Programming students go to aid of boaties

When Auckland software developer Team Progress took on three students it tested them by getting them to build a membership system for the New Zealand Coastguard Federation.

When Auckland software developer Team Progress took on three students it tested them by getting them to build a membership system for the New Zealand Coastguard Federation.

The students were taken on as part of a work experience programme run by Auckland University’s business school.

The programme is part of a third-year paper for MSIS (management science information systems) students in which students are placed with sponsor organisations and treated as unpaid consultants.

Students Kim Assenburg, Jeantine Mankelow and Sai Nayagar worked with Team Progress’ Jonathan Belton, who was project manager, to develop a system enabling people to sign up for the Coastguard Federation’s new Coastguard Breakdown Assist scheme.

Coastguard Federation business development manager Glenn Rutherford describes Coastguard Breakdown Assist as an AA (Automobile Association) scheme for boaties. If someone strikes trouble they can call the local coastguard on radio or phone for aid. If the problem can't be solved on the spot, the coastguard will tow the boat to the nearest safe anchorage. Coastguards get about 1500 calls a year and usually ask for a donation to cover costs.

Rutherford says the federation wanted a way to get more support from New Zealand’s 200,000 boaties and decided to put up a website through which they could sign up as CBA members. Team Progress developed the system and rents it to the federation under an ASP (application services provider) model.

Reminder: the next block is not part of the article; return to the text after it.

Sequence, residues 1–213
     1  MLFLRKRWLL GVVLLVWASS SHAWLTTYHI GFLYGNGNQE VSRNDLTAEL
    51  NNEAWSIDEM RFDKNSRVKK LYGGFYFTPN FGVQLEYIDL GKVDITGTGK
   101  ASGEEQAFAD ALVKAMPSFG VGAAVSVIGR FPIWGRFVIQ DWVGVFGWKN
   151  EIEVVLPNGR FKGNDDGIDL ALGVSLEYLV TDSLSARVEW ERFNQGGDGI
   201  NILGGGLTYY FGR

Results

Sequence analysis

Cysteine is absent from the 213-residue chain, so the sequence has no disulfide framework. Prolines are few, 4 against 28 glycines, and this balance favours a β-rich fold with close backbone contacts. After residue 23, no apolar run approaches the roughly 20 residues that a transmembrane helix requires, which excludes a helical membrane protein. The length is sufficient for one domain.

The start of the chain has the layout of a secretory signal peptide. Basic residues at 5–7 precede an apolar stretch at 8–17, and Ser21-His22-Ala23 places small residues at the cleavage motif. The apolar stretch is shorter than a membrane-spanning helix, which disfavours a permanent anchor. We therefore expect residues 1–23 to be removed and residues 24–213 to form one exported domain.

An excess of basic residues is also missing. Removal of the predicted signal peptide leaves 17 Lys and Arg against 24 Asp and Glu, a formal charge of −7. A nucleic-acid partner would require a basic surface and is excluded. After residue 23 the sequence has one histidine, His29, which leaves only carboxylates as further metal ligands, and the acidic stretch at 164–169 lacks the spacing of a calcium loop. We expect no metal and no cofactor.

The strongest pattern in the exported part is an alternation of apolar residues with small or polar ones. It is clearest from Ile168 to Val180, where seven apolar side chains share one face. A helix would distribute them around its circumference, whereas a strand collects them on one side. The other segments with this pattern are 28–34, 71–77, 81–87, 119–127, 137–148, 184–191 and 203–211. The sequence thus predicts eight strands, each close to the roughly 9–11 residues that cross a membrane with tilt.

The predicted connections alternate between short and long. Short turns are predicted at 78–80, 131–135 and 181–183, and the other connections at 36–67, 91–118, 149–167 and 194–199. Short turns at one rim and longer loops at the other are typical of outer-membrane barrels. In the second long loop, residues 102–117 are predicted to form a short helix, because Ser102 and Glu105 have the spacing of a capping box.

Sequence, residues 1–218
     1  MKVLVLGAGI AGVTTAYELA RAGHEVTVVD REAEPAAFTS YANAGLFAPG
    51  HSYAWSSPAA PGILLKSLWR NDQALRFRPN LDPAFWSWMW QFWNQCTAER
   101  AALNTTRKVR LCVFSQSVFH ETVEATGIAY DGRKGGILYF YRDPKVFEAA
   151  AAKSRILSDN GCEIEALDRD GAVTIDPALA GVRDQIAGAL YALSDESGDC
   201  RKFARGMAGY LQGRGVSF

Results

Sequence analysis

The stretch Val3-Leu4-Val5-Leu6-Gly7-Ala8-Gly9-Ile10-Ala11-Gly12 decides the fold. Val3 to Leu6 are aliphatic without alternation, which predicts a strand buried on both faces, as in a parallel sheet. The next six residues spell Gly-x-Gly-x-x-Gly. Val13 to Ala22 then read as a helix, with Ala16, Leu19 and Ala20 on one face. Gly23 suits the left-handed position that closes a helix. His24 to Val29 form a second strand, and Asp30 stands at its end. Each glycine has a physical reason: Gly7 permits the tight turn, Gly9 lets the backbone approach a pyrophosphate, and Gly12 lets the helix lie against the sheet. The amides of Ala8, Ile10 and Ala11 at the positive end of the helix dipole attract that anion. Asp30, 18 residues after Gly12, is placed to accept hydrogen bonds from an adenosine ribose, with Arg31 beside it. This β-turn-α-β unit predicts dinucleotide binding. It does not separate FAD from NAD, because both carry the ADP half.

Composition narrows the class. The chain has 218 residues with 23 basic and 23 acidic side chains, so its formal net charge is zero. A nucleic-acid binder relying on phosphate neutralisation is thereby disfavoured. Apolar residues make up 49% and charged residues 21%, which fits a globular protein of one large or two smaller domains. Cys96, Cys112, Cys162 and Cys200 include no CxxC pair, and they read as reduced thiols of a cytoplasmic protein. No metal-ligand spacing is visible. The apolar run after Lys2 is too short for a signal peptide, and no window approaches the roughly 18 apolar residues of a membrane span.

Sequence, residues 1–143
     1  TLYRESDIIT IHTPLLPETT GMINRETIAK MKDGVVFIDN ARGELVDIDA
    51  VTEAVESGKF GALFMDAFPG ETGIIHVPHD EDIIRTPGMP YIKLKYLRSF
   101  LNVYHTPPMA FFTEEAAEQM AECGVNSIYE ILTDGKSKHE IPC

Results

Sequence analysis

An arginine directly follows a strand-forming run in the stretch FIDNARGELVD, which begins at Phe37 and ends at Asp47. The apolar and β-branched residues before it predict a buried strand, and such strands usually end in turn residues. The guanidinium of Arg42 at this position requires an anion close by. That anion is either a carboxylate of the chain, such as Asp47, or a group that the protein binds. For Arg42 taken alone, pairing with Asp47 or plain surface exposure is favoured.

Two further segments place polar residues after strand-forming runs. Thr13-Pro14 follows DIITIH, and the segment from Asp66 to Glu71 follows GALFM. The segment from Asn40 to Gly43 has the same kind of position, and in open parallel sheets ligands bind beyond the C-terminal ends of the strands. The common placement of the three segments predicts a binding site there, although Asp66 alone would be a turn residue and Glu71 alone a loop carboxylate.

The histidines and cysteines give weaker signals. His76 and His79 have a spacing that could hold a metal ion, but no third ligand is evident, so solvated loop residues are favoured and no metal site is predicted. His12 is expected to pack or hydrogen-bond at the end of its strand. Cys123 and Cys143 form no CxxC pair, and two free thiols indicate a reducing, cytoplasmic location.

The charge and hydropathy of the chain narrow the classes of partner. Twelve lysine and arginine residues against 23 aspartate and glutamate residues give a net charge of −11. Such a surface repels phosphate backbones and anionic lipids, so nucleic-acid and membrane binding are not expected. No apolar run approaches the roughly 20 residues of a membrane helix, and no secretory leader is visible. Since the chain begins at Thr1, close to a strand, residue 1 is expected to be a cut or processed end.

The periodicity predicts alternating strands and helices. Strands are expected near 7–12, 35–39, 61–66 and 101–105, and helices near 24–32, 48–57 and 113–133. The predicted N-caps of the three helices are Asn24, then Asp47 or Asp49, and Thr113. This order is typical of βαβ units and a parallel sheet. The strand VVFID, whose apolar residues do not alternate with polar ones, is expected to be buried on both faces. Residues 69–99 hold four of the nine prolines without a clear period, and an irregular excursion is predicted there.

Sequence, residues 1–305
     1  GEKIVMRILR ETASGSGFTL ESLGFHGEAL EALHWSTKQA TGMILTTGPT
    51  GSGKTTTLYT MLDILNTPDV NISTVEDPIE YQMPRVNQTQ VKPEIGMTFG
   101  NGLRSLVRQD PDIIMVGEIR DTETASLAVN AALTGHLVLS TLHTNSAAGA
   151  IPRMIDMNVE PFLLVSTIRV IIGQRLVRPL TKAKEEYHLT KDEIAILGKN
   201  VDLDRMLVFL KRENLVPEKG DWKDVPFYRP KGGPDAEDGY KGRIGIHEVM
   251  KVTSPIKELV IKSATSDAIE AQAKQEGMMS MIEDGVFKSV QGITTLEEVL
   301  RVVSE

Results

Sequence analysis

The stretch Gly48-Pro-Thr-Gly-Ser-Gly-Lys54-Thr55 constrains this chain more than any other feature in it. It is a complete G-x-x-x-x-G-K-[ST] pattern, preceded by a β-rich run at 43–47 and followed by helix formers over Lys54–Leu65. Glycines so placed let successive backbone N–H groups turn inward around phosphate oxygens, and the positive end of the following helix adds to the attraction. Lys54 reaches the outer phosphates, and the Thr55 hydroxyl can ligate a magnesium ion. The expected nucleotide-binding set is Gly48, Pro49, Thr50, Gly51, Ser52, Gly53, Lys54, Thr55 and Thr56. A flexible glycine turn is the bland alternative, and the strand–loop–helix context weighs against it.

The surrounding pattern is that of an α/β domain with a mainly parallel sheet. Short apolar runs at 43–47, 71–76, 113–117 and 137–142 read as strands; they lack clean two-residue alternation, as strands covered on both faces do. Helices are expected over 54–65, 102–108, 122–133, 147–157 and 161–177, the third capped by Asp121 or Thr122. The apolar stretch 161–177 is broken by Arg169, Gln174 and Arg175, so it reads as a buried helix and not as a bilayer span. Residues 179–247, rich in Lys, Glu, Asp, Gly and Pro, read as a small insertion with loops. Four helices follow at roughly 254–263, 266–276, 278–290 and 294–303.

Auckland University’s Lech Janczewski, a senior lecturer in information systems, says the aim of the progamme is to get students to develop real working applications for the sponsor organisations.

“The students sign non-disclosure agreements and we ask the organisations to treat them not as students but as unpaid consultants. They develop the application from scratch. They must interview appropriate people, find the essence of problem and suggest and develop an application.”

This year 44 students formed into teams of three working for 14 organisations including Microsoft, The Warehouse, Team Progress, Vodafone, the Navy and Applied Logic.

Other students developed a document imaging system for The Warehouse, client web pages for Microsoft and a resource management system for Applied Logic that was sold to a client. Officially there is no payment, but at the end of the project organisations are asked to make a donation to the university.

Janczewski says about 30% of students stay with the organisation they worked with and all of them go on to full employment.

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